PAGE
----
How To Get Url In Javascript

JavaScript is a powerful and versatile programming language that can be used to perform various tasks, including getting the URL of the current web page. In this blog post, we’ll explore different ways to get the URL using JavaScript, along with some practical examples.

1. Getting the Full URL with window.location.href

The simplest and most commonly used method to get the URL in JavaScript is by using the window.location.href property. This property returns the complete URL of the current page, including the protocol, domain, path, and query string (if any).

Here’s an example of how to use window.location.href:

document.getElementById('url').innerHTML = window.location.href;

In this example, we have an HTML element with the ID “url”, and we’re setting its content to the current page’s URL using the window.location.href property.

2. Getting the URL Components Separately

Sometimes, you may need only specific parts of the URL, such as the protocol, domain, or path. JavaScript provides several properties that allow you to access these components individually:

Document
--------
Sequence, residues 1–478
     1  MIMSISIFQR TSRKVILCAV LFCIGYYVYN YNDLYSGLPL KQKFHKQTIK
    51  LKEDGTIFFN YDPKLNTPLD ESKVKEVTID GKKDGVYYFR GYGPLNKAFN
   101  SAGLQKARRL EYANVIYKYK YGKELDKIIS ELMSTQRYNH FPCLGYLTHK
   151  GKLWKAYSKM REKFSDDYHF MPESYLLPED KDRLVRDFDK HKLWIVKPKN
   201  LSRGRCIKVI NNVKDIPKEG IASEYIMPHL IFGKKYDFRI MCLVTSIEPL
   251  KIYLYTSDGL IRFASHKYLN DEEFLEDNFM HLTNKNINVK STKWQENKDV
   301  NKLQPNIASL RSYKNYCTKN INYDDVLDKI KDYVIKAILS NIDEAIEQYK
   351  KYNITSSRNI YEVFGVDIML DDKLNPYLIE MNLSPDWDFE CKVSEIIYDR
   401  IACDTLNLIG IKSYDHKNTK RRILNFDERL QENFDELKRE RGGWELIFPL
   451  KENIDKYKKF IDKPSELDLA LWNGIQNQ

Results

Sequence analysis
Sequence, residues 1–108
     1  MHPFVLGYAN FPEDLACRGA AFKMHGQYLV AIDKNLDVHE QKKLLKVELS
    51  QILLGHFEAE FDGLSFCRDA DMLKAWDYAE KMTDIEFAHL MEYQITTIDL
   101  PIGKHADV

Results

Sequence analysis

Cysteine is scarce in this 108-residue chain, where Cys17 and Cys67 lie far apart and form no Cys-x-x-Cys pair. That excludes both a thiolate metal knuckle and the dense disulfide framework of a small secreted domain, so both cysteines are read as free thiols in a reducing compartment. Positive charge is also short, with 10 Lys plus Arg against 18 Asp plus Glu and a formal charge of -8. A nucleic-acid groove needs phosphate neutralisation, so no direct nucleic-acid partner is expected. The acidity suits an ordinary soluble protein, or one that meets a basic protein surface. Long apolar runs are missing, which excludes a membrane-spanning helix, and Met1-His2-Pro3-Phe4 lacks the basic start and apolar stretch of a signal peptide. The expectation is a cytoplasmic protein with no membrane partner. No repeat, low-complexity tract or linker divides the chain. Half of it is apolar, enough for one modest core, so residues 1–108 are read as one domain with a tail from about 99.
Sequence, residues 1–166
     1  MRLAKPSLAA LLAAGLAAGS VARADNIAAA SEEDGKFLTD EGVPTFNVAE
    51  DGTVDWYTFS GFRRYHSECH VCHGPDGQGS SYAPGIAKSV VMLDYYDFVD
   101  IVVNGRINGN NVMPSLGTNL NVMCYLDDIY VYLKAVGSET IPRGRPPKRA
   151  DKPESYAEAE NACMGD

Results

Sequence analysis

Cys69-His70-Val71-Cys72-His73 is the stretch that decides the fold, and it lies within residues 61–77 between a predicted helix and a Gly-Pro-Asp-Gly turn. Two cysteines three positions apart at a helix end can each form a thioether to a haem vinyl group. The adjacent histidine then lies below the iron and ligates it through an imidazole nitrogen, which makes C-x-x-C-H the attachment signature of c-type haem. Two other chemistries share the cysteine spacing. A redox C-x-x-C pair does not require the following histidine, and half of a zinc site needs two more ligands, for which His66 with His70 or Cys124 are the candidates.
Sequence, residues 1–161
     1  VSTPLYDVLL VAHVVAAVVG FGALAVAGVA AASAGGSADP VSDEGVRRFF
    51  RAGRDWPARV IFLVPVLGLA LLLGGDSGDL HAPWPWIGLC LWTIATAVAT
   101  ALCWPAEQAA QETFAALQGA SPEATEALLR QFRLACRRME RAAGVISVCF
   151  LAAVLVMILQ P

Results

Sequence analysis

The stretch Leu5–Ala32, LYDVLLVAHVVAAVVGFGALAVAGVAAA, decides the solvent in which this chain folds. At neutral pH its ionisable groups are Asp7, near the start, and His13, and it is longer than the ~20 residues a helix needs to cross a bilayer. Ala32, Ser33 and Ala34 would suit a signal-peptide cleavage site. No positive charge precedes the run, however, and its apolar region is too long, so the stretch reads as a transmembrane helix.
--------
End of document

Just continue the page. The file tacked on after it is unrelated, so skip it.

• window.location.protocol: Returns the protocol (e.g., “http:” or “https:”)
  • window.location.hostname: Returns the domain name (e.g., “”)
  • window.location.pathname: Returns the path (e.g., “/blog/how-to-get-url-in-javascript”)
  • Returns the query string, including the “?” (e.g., “?page=1&sort=asc”)

Here’s an example of how to use these properties:

document.getElementById('protocol').innerHTML = window.location.protocol;
document.getElementById('hostname').innerHTML = window.location.hostname;
document.getElementById('pathname').innerHTML = window.location.pathname;
document.getElementById('search').innerHTML =;

In this example, we have four HTML elements with the IDs “protocol”, “hostname”, “pathname”, and “search”, and we’re setting their content to the corresponding URL components using the properties mentioned above.

3. Getting the URL Without Query String

If you want to get the URL without the query string, you can combine the window.location.protocol, window.location.hostname, and window.location.pathname properties. Here’s an example:

var urlWithoutQueryString = window.location.protocol + '//' + window.location.hostname + window.location.pathname;
document.getElementById('urlNoQuery').innerHTML = urlWithoutQueryString;

In this example, we’re creating a variable called “urlWithoutQueryString” and setting its value to the URL without the query string. We then set the content of an HTML element with the ID “urlNoQuery” to this value.


Getting the URL in JavaScript is a straightforward process, and there are multiple ways to achieve it depending on your requirements. Whether you need the full URL or just specific components, JavaScript provides the necessary properties to easily get the desired information.